When his father, Paul, died recently from a heart attack. Joran’s mother, Anita, attributed the stress of Joran’s activities to her husband’s condition. Faced with the loss of her husband, possible bankruptcy caused by paying Joran’s legal fees, and her son’s continuing drama, she is exhausted.

“He is sick in the head. I just lost my husband and I could not even take the time to mourn about that,” Anita said. She claimed that Joran was always sneaking out of the house at night as a child. She noted that he is also an admitted liar. Now she says she has no more room in her heart for the pain caused by her son. She will never visit him in prison.

Legal Maneuvering

Joran Van Der Sloot is trying to get the charge reduced to manslaughter. This will earn him 6 to 20 years in prison. A murder conviction would get him up to 35 years.

According to President Alan Garcia Perez of Peru, Van Der Sloot, will have to stand trial for the murder and serve the term in Peru before any requests for extradition will be considered. Presently the Peruvian authorities have detained him indefinitely in a prison block of an eastern Lima prison.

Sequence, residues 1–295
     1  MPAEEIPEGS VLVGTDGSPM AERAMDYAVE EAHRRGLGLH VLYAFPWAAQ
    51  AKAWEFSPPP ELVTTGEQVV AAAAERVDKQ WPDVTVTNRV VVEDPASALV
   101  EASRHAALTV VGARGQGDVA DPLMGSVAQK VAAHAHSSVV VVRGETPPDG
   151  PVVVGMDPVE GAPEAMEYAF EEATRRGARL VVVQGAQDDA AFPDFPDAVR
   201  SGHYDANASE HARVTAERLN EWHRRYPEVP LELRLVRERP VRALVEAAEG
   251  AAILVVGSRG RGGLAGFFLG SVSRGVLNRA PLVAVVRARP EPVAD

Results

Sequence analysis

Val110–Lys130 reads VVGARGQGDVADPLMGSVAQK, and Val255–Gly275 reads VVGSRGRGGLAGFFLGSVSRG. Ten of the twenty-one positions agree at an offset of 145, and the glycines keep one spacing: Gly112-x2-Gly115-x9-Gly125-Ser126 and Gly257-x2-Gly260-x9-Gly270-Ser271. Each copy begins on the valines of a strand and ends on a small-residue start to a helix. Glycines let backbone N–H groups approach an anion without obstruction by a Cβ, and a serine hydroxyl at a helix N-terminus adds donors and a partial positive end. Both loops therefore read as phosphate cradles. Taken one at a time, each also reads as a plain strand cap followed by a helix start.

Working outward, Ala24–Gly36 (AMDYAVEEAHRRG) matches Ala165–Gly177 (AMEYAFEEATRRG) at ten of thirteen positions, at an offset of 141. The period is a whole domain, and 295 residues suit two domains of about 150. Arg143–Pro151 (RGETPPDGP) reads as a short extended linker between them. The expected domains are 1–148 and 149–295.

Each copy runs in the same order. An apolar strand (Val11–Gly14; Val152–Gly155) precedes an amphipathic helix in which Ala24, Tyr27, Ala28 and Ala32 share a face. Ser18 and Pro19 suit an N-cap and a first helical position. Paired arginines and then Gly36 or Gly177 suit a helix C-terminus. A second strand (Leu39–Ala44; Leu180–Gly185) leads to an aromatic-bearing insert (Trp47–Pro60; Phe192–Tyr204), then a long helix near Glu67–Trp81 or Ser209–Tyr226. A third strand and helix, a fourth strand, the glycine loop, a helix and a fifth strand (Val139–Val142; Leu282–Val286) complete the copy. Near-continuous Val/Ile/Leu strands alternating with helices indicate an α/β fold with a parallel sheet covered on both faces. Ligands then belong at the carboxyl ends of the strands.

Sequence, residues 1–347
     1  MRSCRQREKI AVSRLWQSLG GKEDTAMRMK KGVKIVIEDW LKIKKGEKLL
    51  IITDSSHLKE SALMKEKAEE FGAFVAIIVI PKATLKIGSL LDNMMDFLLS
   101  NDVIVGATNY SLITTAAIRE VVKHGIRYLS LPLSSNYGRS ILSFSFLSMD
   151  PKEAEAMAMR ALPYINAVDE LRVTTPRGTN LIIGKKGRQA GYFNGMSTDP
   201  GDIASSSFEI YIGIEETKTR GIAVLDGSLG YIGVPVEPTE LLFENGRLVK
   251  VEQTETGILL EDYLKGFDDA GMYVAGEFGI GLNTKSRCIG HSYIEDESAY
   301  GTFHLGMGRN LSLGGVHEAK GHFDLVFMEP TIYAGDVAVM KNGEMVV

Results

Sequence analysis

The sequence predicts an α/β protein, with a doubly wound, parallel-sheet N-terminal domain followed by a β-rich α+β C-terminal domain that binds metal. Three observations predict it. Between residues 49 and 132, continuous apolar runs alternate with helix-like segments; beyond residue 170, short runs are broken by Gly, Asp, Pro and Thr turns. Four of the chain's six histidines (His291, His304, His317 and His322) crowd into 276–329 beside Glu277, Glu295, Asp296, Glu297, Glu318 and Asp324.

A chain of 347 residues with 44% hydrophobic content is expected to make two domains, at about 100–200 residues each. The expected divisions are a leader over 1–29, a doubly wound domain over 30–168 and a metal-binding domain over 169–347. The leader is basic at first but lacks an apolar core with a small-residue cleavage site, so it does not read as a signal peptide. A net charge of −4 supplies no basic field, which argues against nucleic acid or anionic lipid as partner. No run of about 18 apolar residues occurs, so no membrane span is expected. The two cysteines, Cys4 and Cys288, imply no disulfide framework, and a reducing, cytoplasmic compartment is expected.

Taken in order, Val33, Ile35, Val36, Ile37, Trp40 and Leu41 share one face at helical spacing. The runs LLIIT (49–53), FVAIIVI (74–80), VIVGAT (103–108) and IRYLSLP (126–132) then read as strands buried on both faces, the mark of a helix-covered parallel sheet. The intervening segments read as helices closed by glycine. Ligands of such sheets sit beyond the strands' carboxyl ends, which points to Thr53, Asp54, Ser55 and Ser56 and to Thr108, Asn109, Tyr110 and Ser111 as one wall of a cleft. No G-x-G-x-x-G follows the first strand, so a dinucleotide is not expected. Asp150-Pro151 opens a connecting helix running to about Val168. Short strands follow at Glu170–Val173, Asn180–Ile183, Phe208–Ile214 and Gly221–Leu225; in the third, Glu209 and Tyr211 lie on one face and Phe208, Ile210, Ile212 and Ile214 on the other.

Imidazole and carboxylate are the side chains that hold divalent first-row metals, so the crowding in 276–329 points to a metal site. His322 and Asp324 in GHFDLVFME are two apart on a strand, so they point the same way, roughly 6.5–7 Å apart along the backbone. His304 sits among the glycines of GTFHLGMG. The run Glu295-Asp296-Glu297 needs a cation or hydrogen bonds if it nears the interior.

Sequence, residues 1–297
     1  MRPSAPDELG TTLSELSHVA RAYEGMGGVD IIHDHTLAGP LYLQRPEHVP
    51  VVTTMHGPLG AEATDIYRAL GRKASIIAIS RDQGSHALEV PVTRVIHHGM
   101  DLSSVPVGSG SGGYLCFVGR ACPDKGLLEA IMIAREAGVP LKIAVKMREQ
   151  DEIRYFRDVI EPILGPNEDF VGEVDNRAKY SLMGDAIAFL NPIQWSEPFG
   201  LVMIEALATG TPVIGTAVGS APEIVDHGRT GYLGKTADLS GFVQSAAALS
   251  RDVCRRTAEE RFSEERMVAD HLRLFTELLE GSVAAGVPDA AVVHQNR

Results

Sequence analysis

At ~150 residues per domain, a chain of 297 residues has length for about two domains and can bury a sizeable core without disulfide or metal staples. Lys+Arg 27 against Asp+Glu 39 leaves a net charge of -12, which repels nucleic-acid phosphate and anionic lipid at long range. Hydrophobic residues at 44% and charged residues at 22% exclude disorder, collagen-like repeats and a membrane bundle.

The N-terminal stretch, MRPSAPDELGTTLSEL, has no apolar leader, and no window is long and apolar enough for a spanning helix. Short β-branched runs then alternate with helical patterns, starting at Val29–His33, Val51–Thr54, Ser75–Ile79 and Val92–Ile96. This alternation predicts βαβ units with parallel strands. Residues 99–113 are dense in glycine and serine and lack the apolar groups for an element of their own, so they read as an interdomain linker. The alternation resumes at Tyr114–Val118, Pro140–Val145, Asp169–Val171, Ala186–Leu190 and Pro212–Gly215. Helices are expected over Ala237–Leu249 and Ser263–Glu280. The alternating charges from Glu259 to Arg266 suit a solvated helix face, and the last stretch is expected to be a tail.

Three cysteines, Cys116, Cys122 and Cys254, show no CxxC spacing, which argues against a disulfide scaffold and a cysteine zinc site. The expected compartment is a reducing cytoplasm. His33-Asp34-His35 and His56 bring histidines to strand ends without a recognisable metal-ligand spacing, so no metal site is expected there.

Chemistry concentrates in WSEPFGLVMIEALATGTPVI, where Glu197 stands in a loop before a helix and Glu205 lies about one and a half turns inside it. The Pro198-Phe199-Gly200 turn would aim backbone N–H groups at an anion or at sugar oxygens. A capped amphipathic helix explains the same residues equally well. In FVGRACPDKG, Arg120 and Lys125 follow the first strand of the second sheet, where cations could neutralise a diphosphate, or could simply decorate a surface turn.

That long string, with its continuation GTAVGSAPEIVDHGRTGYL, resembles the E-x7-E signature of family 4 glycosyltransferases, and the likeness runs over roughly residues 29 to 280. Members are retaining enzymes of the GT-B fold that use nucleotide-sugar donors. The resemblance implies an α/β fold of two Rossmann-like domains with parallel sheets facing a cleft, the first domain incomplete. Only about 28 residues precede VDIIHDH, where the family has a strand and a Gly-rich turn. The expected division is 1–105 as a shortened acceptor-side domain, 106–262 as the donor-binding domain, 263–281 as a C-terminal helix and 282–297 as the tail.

Prison Life

Van Der Sloot has complained that the guards at Miguel Castro Castro prison have manhandled him, and he’s afraid of poisoning. He tried to order in gourmet meals to his cell, but that did not last long. Once he found out that he’d have to eat the same food as the general population, his melt-down ensued. He tried to escape from the prison by stripping off his clothes, screaming, running through the cell block and pounding on a door.

The naked Van Der Sloot shouted, “I want to get out! I haven’t killed anybody, but people here want to kill me!” The guards threw him into solitary confinement where he sits now–drained of some of that arrogance.

And Joran Van Der Sloot is right. Wardens and other officials say that his chances of surviving in prison are not good. Inmates don’t like others whose despicable crimes include killing and raping women or children. Once they get a chance at him, his fellow prisoners may reduce his life expectancy significantly.